One of the longest-running magazines ever produced, Hit Parader was an American music publication that operated from 1942 until its final printing in 2008. Over 66 prolific years, Hit Parader published nearly 1,000 issues featuring iconic covers and stories on the most memorable names in the entertainment world. A regular champion of notable genres including the early days of Rock N Roll, R&B, Blues, and Country - all the way through Heavy Metal and Hard Rock - the history of Hit Parader offers a comprehensive glance at the evolution of the most important music still symbolizing American popular culture today.

A legacy of influence, success, controversy, and force majeure - the story of Hit Parader is that of one of the greatest American institutions ever.

In The Beginning…

Founded in Derby, CT by John Santangelo, an Italian immigrant laborer with a knack for turning a quick buck, Hit Parader met the starting line as a legitimized byproduct of several unlicensed song books Santangelo had begun selling in local shops along the I-95 from northern New York City through coastal Connecticut. During the Depression era of the 1930’s, for 10¢ a pop, customers could access lyrics to radio’s biggest songs right at their fingertips, a surprisingly new phenomenon at the time.

After an expected brush with copyright suits, and an untimely prison sentence as a result, law-abiding enterprise eventually won out and Santangelo rose to the challenge of his songbooks’ high-demand, adopting infant iterations of the Hit Parader playbook with titles such as “Big Song Magazine” and “Radio Hit Songs,” all at high volume/low cost print production beneath the umbrella of Santangelo’s official publishing house, the T.W.O. Charles Company (eventually renamed Charlton Publications).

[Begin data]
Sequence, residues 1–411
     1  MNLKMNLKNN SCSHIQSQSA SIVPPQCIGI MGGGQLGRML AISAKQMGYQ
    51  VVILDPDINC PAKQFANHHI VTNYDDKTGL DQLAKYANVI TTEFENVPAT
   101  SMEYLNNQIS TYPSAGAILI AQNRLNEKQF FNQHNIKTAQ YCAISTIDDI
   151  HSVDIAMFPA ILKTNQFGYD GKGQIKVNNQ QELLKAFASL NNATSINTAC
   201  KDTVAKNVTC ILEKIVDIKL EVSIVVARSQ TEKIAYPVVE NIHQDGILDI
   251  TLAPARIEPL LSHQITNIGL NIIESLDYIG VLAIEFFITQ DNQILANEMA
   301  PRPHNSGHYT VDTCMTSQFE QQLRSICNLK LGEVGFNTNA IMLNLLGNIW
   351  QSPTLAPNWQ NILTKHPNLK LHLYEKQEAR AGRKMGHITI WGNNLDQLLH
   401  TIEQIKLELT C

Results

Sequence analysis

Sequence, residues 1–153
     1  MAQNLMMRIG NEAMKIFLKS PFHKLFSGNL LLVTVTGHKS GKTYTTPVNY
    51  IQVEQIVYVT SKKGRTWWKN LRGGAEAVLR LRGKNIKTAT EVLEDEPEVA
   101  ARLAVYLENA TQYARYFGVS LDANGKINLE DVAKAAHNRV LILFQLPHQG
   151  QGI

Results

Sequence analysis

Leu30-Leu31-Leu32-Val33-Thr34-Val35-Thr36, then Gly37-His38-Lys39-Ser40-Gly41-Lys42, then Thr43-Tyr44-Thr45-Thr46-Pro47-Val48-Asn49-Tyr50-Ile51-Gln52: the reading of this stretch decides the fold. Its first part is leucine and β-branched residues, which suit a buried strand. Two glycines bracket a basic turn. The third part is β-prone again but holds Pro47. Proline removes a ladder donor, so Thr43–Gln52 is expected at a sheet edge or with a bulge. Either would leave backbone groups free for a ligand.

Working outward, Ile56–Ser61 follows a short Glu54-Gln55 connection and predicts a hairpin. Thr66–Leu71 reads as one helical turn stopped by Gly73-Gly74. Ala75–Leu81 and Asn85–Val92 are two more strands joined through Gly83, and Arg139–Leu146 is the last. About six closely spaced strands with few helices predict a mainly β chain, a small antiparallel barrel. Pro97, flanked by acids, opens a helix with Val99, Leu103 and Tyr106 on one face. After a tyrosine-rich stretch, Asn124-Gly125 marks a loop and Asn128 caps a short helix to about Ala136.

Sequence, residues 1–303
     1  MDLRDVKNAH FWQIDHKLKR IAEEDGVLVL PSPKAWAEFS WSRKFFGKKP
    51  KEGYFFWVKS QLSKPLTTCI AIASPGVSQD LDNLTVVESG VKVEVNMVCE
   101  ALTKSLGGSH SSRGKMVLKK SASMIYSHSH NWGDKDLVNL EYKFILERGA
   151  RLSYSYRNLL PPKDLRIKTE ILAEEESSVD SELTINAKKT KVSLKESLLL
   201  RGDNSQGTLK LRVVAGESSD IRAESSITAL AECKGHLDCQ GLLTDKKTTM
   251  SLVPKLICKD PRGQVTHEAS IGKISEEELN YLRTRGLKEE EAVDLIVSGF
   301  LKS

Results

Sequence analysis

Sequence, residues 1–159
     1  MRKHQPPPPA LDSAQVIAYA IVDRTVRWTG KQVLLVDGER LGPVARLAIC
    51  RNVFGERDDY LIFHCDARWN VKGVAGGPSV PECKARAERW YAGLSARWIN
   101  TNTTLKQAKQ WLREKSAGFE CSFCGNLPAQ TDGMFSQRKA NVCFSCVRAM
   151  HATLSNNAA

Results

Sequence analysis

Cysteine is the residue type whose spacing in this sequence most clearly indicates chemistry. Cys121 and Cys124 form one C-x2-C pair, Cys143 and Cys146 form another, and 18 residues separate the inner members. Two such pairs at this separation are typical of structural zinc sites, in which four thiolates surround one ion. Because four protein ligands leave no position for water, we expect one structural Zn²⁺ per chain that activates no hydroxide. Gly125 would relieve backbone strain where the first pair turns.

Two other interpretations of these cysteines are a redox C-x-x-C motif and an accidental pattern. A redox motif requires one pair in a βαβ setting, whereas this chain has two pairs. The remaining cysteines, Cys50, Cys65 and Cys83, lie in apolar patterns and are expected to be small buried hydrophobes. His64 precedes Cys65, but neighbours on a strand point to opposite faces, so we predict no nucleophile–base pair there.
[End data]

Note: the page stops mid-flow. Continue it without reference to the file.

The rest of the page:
Formed alongside attorney partner and former cellmate, Ed Levy, by 1942, all efforts to satisfy public consumption were streamlined into a singularly focused effort entitled, Hit Parader.

Through the fanatical rise of Frank Sinatra, Perry Como and Country Western music in the 1940s, Hit Parader would guide a shell-shocked WWII audience through their radio-listening days as the go-to source for songs and singable melodies, combining small blurbs and news bites on band leaders, movie starlets and top shelf crooners, with featurettes like “Behind the Hit Songs” and “Banner Performance of the Month.”

“When (Hit Parader) started, song lyric publications didn't include any features at all. We started adding features, fillers, and photographs to the magazines in [1942].”

- Ed Konick (Charlton Publications Business Manager)

Hit Parader Mission Statement:

“Hit Parader is designed to appeal to boys and girls in school, in colleges and in the armed services… and the millions who listen to radios everyday, the people who go to the movies and dances, the jukebox addicts, the people who buy phonograph records and sheet music for home use and even the people who whistle while they work.”

Hit Parader, 1942

Songs That Will Live Forever

At the dawn of 1954, the concept of Rock ‘n Roll sat on the cusp of pandemonium and Hit Parader proudly stands as one of the first consumer publications to debut the genre to a mass audience, charting some of the first written mentions of Rock and R&B pioneers like Fats Domino, Little Richard, and of course, Elvis Presley.